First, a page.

The song of the fiddle seemed distant, and low. It did not play with great speed, but it seemed to whisper and moan. The woman’s painted lips parted with heavy breath as she adjusted to his presence between her legs. Her coy smile stirred Thranduil’s loins, for she knew the strain it caused him to straddle his lap and not touch her body to his. He had no reservations. He was king. He did as he pleased, and his will was done without question.  The dancer saw this in him, he knew. As though a surge of energy rippled through her entire core, she arched her back dramatically in an elegant and sweeping line, and snaked upright once more, the momentum of her erotic stunt thrusting the succulent, fleshy mounds of her heavy breasts toward the king—a bold, lewd display, for the explicit act which the rolling motion of her body (a trembling ripple sneaking its way from the arousal between her thighs to the tilt of her chin) unabashedly mimicked.


The dancer felt the king’s hands run over her thighs with tantalizing hesitance. What had he to be hesitant about? She wondered what he was considering. Then, she felt him searching for the hem of the dress gathered around her knees, and felt the warmth of his fingers finally contact her eager flesh as two large, gently groping hands worked their way over the swell of her rear, beneath her dress; everyone could see him groping her rear, but she was not embarrassed—she heard the others murmuring amongst themselves, and even her accompanists faltered in their melody once more.

She watched a change come over his eyes while he watched the teasing gyration of her hips hovering over his swollen erection.

She felt his anticipation pulling at her  gut.

She saw how his jaw twitched as he fought to maintain his steely demeanor while her backside pressed into his palms. The way he kneaded her flesh drove a fire deep into her center. The way his lips looked in yearning to taste her caused a rashness to consume her mind.

She leaned forward and took his chin between her thumb and forefinger. His hands were still. His lips beckoning and ready as she brushed her own against them. She did not kiss him, but she felt him sigh against her mouth when she pulled away, for he wanted more.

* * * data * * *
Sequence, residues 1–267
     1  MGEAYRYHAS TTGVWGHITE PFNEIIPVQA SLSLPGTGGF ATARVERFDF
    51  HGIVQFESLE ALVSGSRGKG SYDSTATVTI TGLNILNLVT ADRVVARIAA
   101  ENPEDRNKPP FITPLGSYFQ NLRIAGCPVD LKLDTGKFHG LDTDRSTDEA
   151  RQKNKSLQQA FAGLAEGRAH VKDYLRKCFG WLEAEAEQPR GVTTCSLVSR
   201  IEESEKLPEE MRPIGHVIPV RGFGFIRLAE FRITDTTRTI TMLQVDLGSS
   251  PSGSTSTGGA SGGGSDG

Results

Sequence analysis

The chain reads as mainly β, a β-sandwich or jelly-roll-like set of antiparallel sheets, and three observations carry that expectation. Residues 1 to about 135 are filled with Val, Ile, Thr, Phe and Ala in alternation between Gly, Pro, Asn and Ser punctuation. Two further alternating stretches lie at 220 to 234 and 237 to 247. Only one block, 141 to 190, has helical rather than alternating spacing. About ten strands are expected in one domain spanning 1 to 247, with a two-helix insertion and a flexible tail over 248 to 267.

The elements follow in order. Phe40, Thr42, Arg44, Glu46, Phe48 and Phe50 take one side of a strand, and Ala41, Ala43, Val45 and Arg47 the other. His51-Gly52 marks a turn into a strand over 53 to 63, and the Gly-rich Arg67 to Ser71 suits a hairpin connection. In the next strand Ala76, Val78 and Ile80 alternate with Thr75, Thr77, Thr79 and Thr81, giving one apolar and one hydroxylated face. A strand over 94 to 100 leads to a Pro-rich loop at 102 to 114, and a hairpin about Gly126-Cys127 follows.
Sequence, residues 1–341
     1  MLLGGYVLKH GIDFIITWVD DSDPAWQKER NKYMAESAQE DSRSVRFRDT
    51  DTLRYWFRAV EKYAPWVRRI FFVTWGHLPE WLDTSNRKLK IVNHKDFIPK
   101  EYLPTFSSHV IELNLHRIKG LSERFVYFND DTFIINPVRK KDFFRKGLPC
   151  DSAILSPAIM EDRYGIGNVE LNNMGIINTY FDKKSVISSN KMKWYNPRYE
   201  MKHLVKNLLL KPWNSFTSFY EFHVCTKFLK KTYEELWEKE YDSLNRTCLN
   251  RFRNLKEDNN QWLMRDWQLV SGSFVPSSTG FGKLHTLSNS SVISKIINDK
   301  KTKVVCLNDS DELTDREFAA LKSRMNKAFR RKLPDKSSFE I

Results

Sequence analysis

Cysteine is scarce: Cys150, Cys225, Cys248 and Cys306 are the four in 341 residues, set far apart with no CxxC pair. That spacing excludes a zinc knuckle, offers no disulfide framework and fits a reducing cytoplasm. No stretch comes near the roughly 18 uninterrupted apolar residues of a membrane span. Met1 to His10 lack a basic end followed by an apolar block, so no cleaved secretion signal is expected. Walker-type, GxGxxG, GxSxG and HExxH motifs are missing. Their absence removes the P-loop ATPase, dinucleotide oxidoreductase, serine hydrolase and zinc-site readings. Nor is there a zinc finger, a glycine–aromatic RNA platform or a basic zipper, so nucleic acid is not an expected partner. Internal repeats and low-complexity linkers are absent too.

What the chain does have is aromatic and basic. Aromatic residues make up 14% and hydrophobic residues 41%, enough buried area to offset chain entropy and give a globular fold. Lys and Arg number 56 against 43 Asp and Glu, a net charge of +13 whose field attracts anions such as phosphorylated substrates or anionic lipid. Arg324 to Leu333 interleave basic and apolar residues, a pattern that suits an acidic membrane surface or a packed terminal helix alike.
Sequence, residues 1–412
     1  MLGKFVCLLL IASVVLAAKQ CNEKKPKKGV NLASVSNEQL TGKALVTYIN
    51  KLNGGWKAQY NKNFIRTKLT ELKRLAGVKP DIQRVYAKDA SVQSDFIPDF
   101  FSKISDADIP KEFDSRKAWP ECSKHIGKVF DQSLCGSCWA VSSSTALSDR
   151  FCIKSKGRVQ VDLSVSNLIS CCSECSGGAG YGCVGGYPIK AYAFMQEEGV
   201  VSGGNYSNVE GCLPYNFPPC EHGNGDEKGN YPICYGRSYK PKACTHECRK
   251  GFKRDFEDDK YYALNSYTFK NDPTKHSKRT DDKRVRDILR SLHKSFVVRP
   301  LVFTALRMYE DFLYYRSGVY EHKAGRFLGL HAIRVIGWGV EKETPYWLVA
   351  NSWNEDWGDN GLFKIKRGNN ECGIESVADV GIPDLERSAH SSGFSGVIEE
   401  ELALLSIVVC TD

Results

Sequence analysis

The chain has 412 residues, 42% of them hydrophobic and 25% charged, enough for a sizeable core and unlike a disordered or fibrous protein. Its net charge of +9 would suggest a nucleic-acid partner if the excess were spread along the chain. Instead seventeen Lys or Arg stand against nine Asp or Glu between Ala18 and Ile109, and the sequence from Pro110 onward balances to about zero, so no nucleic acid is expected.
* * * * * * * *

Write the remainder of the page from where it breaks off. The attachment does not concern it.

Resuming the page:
Then, a thought came to her.

She wondered if she had gone too far.

What would happen next?


To Thranduil’s dismay, he saw the woman’s eyes break the spell she cast upon him. She smiled, removing his hands from her backside with the gentlest motion, never breaking her gyrating rhythm, but withdrawing from the intensity of their connection. She made it appear intentional as she lifted herself away from him, avoiding the subtle protest of his fingers pulling at the fabric of her gown.

She spun, and twirled, smiling, but never looking upon the king.

Thranduil’s pulse quickened with frustration, for she had finished her dance, but left him hot and wanting of so much more. He hid his arousal with a simple placement of his silken cloak, and waited to see if the dancer would look upon him one last time. The drum and fiddle ceased to play, and a rise of cheering and applause followed her roguishly demure farewell. But she did not look the way of the king again, and, instead, quickly made her way to her accompanists, who stood ready by with a robe for her to slip into. He watched others approach her, and shower her with praise and compliments, but never once did she look over her shoulder at the one she had focused such arduous attention upon, yet removed herself so suddenly from. His attendants were silent, for they recognized their king when he was irked.

The dancer disappeared through the crowd with her two accompanists, who led her into the shadows, and out of sight. Thranduil rose and speedily followed after.